Language and treatmentCommunication holds a place of paramount significance in medical treatment. While we boast of being a nation with multi-cultured diversity, how efficient are we at communication?
I rushed outside the emergency ward of the BP Koirala Institute of Health Sciences, Dharan, to fetch medicines for my aunt, and saw an elderly man, withering in seemingly agonising pain, being wheeled in a metal stretcher. He clearly seemed to be in utter discomfort, just like many patients who come to the hospital and need emergency treatment. A delay, it seemed, would be devastating.
I happened to come across one. As the attending nurse asked him and his relatives, most of who were women clad in traditional saris and colourful bangles, series of questions regarding the complications, neither he nor his family members understood what she was asking. The nurse, trying to understand the source of pain, employed some gestures with her hand. After some misunderstandings, time lapses and overcoming his own severe discomfort, the patient himself pointed a finger to his stomach while drowning in a pain only he understood.
On my visit to the hospital, especially the emergency section, I came across many such scenarios where language was a major barrier and where valuable minutes were lost in conveying the cause of the illness. Many of them hailed from very remote villages in the Tarai, who were unable to bring with them anyone who could communicate in Nepali because it was an emergency.
Communication in medicine is of paramount significance. Sadly, for many who come from the remote heartlands of the Tarai, communication becomes very hard—especially when the doctors or nurses, a majority of them hailing from the hills, do not understand their language.
Save for the bureaucratic mishandling, the picture of Nepali medicine landscape has been above satisfactory. Within the last decade, there has been an upsurge in the patients flowing to famous treatment hotspots within the country rather than flocking to clinics and hospitals in nearby Indian states. This confidence, however, has not been responded to with the same fervor. With age old discriminations still rearing its serpentine head in 2016, Madhesis are still somewhat less prioritised, misunderstood or simply overlooked. The condition of Indian nationals coming to get treatment in Nepal is even worse. In one of the appalling incidents that I witnessed at the Teaching Hospital, Maharajgunj, I saw a nurse instructing her fellow colleague not to speak Hindi to an Indian national, who was having a hard time understanding what the nurse was instructing. Here, ego and hollow nationalism easily trumped over their duty as caregivers.
If our able doctors and nurses, unfortunately, don another layer of nationalism above the white apron, this may, with time, affect the flow of patients from India. As for people of remote Tarai districts, who are as Nepali as the doctors and nurses themselves, they are at a disadvantage because of the language they use.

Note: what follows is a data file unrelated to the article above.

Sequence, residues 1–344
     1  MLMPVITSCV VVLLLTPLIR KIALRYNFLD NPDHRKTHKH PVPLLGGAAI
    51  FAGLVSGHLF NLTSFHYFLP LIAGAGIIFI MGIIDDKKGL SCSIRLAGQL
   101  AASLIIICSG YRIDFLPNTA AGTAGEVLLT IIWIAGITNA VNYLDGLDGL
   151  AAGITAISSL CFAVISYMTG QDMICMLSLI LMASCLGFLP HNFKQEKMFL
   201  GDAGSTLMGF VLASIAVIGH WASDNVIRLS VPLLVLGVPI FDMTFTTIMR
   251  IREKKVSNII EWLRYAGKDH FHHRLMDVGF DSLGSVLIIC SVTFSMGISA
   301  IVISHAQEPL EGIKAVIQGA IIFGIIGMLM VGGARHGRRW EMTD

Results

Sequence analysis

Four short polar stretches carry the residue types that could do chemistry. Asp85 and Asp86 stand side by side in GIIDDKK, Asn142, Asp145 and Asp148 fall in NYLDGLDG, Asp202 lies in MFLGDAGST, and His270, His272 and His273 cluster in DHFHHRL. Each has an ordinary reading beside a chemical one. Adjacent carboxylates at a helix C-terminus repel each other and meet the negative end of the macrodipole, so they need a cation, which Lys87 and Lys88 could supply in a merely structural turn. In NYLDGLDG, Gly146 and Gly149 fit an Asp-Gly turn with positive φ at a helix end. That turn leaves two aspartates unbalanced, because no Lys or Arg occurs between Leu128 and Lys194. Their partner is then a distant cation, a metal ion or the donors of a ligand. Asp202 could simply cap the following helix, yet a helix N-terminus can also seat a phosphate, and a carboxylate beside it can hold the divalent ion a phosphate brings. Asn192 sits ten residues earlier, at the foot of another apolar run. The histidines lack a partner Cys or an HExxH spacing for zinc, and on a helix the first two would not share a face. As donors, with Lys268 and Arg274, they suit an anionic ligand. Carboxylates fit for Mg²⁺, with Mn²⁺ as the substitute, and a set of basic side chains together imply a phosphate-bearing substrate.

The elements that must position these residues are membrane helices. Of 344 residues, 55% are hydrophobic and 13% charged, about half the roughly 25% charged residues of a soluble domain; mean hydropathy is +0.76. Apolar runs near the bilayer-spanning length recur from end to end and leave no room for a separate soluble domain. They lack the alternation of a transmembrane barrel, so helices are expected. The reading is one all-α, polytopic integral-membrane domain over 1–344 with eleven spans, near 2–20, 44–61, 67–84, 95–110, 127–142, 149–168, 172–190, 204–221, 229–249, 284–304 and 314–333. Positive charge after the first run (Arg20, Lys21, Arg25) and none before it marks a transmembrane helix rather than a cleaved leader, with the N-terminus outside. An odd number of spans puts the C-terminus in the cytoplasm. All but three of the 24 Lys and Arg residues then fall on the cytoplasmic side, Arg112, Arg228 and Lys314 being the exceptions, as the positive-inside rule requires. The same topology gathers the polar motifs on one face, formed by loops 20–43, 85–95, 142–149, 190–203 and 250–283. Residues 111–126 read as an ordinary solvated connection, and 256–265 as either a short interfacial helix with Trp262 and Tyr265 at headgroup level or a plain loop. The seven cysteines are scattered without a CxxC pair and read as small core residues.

One way this could be overcome is by requiring medical students to take major languages other than Nepali. For example, Maithili, the second most widely spoken language in Nepal—which has a resemblance with Hindi, Tharu, and Bhojpuri—could be a language medical students can learn. Similarly, the doctors and nurses who are Madhesis themselves, and who over the years have become good at conversational Nepali too, can learn any other major language themselves. Learning a language does not harm anybody, in fact, it adds to the repository of knowledge and helps the caregiver understand a culture better.
As for people of remote regions of the Tarai and other non-Nepali speaking regions, this slight tweak in medical education—which is nothing new in western countries where colleges and universities not only encourage students to take extra languages but have these languages in the curriculum—would prove to be a boon. The patients will feel more comfortable and open at the prospect that someone on the other side of the desk, or someone measuring the pulse or adjusting the fluid pipe speaks their language and understands their culture. On the contrary, it will be very insulting and disappointing, if in the 21st century a patient’s treatment, somehow, gets influenced by his or her culture, origin, dress, skin colour or language.
If we could make it mandatory for our students to learn a new language from the baskets of many languages in our country as a part of the curriculum—not just limited to medicine—we will be providing a lot more genuine service. Citizens adept in more than their native languages will become bridges between ethnic communities. If these citizens grow in number, we will have a healthy bridge. And the river which reeks of superiority, hierarchies, arrogance and dominance will be forgotten.
Gupta is an undergraduate student. He tweets @iambikashgupta